Fox Tracks

Fox Tracks by Rita Mae Brown

Book: Fox Tracks by Rita Mae Brown Read Free Book Online
Authors: Rita Mae Brown
do it?”
    “Oh, I will. I’ve known both brothers since the earth was cooling. We’ll have to see them both on the same day, too, or one will inflame the other because he was chosen first.”
    “Exactly. You know my schedule. I’m ready when you are.” He thought for a moment. “We probably won’t hunt tomorrow, right? It’s at the old Lorillard place and those back roads will be treacherous in this weather. They’re calling for more snow tonight.”
    “I’ll cancel. I do so love to hunt in the snow, but I don’t like hauling horses in it. We should be roadworthy by Saturday, though.”
    “Walter, forgive me for spewing fury. Old Paradise has been a fixture of this hunt club for over one hundred years. Since 1887.”
    “I know. You’re right that all of us should sit down and identify what landowners might be shaky.”
    “We will. Next week if all goes well.”
    “February is starting off like its usual dismal self.” He laughed. “It’s the longest month of the year.”
    “Actually, I like it. But this landowner thieving, I sure don’t. You know, I had what Raymond used to call a volcanic moment and then I had to remember he’d say: ‘Resentment is taking poison and expecting the other person to die.’ ”
    Walter thought about it, then laughed. “A volcanic moment?”
    “His term, not mine.”
    “Women are supposed to have volcanic moments.”
    After she hung up, Sister didn’t know how to take that.

    D riving into town on Thursday, Sister was glad she had canceled the day’s hunt. Although it had been well ploughed, Soldier Road, a two-lane east–west road, proved slick in spots. The sun lit up the eastern side of Hangman’s Ridge. It loomed a quarter of a mile to Sister’s right. She was by the western side, still dark. Angled on a northeast, southwest plane, it rose one thousand feet above the rolling wild meadows surrounding it. With the sun behind it, shining through the black branches, she could clearly see the enormous old hanging tree.
    Forever windswept, if foxes ran up the ridge they always gained at least ten minutes. Also, generations of foxes had expertly dug rangy dens up there, some impressive, others just places to duck into when pursued. She wondered if these present-day foxes were descended from foxes who had seen the hangings. In the early days of the Virginia colony, a corpse would be left up there to swing and decay as a warning. By the mid-1750s, the relatives were allowed to cut down the criminal and give him a proper burial. If he had repentedprior to his hanging, his body could be buried in consecrated ground.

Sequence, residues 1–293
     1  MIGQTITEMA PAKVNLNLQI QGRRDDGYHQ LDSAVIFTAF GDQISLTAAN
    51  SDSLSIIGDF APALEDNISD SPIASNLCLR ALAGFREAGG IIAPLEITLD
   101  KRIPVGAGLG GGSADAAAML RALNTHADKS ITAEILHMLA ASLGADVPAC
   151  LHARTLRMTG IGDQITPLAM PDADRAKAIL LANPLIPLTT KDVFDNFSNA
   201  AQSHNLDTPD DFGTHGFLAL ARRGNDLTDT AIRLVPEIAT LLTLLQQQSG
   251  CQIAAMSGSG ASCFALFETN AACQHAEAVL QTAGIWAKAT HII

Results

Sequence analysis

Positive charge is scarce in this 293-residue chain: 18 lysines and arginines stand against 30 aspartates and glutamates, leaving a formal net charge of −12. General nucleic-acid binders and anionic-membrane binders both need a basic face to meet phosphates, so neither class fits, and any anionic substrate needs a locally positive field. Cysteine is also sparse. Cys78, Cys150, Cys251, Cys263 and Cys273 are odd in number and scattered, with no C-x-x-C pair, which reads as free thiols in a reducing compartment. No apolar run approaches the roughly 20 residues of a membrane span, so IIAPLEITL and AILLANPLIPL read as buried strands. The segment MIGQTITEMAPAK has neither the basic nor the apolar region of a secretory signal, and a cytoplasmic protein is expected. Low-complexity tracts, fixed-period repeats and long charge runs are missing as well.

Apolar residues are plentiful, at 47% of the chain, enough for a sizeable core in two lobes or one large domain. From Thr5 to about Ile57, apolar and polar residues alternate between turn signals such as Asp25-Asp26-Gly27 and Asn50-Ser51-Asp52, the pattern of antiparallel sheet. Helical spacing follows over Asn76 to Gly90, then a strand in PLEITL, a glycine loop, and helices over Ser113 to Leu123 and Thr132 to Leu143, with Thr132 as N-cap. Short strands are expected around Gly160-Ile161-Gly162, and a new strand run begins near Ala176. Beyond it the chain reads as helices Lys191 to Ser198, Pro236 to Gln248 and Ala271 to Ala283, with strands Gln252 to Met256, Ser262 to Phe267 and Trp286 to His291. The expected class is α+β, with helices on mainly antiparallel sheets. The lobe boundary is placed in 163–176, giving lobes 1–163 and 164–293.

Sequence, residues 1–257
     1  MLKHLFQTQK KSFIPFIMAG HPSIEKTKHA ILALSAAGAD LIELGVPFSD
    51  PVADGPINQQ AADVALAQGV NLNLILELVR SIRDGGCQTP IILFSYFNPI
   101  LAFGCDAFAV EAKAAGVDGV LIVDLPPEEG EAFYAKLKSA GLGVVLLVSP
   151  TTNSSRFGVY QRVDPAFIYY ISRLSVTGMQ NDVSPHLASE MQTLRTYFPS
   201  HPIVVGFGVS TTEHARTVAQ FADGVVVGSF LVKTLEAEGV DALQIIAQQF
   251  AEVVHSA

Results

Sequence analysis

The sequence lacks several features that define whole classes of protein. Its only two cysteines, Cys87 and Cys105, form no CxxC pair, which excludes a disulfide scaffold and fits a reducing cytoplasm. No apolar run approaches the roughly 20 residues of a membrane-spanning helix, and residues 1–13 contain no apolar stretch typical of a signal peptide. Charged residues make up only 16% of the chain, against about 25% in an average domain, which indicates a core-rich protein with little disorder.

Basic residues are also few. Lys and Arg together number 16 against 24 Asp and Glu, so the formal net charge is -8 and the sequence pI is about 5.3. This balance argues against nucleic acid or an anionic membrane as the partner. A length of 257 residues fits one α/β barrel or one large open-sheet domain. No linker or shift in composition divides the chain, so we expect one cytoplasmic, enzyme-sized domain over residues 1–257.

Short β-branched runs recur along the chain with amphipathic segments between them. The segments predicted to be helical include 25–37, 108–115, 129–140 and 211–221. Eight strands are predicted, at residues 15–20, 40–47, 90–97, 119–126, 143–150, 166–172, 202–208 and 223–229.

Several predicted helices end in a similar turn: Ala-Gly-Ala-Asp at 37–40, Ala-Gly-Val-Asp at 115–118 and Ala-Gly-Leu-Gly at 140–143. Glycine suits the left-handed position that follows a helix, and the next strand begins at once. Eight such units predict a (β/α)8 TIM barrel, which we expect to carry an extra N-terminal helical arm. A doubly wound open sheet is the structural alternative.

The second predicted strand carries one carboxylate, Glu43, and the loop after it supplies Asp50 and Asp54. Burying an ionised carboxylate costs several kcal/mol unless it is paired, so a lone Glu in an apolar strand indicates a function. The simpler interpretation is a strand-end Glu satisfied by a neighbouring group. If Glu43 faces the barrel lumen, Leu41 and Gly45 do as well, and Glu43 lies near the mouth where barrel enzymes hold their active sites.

A rational person, seeing the hanged, eyes plucked out by greedy birds, might reconsider his plans to clean out a bank. But the impulsive human, probably not terribly bright, would blunder on, despite such gruesome public displays. There appeared to be no truly successful deterrent to crime.
    Then again, why rob a bank? The easiest way to rob a bank is to own one.
    Laughing to herself, she slowly made her way into Charlottesville, up 29 North to Seminole Shopping Center. Parking was no problem. Hardly anyone was there. She popped into Dover Saddlery for a gel pad, after which she decided to stop in the small tobacco shop.
    The daughter of the owner, Elizabeta, an attractive woman with lustrous black hair, greeted Sister. “Hello. Are you looking for yourself, or picking up something for someone else?”
    Leaning across the glass top counter, Sister admitted, “Actually, I’m hoping you can tell me about American Smokes.”
    “The murders?”
    “Have other people asked? I suppose they might. It’s been in the papers.”
    “Come ’round here and sit.” She warmly invited Sister to join her behind the counter. “Given the weather, I suspect we will be uninterrupted.” She sighed. “You’d be surprised at how weather affects sales of almost any product. Anyway, have people asked us about it? A few, but mostly we’ve read

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